South African Uni Student Protests 2015

Black youth are more ignored than white young people, in that in a country that is 80% black, they comprise less than a quarter of the university students at the most respected and oldest public university, the University of Cape Town. The language of instruction is English. Only 5% of the faculty is black; looking at all 26 public universities, only 14% of full professors are black.[i] Students protested the lack of black students and faculty in 2015, occupying the student government office in an effort to “decolonize” the university as shown in a video.[ii] Faculty spoke about the need to recognize the ongoing impact of colonialism, deconstruct and reconstruct the university as revealed in a video of a panel discussion.[iii] In March, a student threw feces at a campus statue of Cecil Rhodes, the British colonialist who donated land to the university part of a call for “Rhodes Must Fall” in the “poo protest.” The statue was removed the next month leading an activist student to comment, “We finally got the white man to sit down and listen to us.”[iv] Students did marathon reading of anti-colonist author Fantz Fanon and Steve Biko, leader of the black consciousness movement. They demanded more black faculty members and students and a more African curriculum.

In the largest Born Free student demonstrations since apartheid ended in 1994, in October following the Rhodes demonstration, young men threw rocks after a week of student demonstrations of both black and white against proposed hikes in university fees in one of the most unequal major county with over half the people living below the official poverty rate.[v] The police reacted with stun grenades, rubber bullets and chemical water cannons. A BBC news report showed a young woman trying to stop the violence to no avail. The #FeesMustFall campaign closed 17 major universities and rallied large crowds at parliament in Cape Town in the capital, Pretoria. The National Shutdown Collective organized students from 19 universities; many were members of student movements such as the Black Student Movement and Uprising. The Communist Party Minister of Education Blade Nzimande supported a price increase and said “students must fall,” not the statue, but students won when President Zuma agreed at a press conference to no increase in university fees in 2016 but ignored other demands.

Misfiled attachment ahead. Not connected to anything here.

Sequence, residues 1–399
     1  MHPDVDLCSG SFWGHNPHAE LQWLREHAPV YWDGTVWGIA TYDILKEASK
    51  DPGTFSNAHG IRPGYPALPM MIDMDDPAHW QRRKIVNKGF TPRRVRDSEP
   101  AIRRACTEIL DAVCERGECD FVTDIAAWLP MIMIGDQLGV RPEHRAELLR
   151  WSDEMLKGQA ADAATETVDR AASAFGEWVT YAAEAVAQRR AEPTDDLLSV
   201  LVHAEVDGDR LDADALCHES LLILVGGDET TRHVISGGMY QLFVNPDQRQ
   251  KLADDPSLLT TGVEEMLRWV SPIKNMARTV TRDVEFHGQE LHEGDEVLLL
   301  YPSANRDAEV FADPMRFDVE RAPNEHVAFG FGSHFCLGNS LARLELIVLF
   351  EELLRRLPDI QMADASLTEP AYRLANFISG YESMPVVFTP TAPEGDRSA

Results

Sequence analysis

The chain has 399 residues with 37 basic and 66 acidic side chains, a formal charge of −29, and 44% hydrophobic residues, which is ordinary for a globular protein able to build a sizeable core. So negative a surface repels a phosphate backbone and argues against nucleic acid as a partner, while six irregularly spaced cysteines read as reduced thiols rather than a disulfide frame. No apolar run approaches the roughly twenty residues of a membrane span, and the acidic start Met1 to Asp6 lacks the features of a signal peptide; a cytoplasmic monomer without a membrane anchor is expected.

Students also demanded free education (university fees are around $8,800 a year) and an end to outsourcing university support employees. A BBC TV reporter said youth delivered “a potent new message” because the ANC or other political parties didn’t participated in the grassroots protest. Graduate student Mikaela Erskog, member of the Black Student Movement, believes the protests illustrate “a shifting of generationally-embedded ideologies in a real challenge to the existing relations of power…Unlike elders who refuse to transform the older of things—the movements are re-imagining what a truly transformed African university might look like.”[vi]

[i] Norimmitsu Onishi, “Students in South Africa Protest slow Pace of Change,” New York Times, September 8, 2015.


[iii] “Panel Discussion: Decolonizing the University,” April 23, 2015.

[iv] “Rhodes Statue Removed in Cape Town as Crowd Celebrates,” BBC News, April 9, 2015.

[v] Patrick Bond, “South African Student Protests,” TeleSUR, October 24, 2015.

[vi] Mikaela Erskog, “South African Students Rise Up to Demand Free Education,” ROAR Magazine, October 24, 2015.


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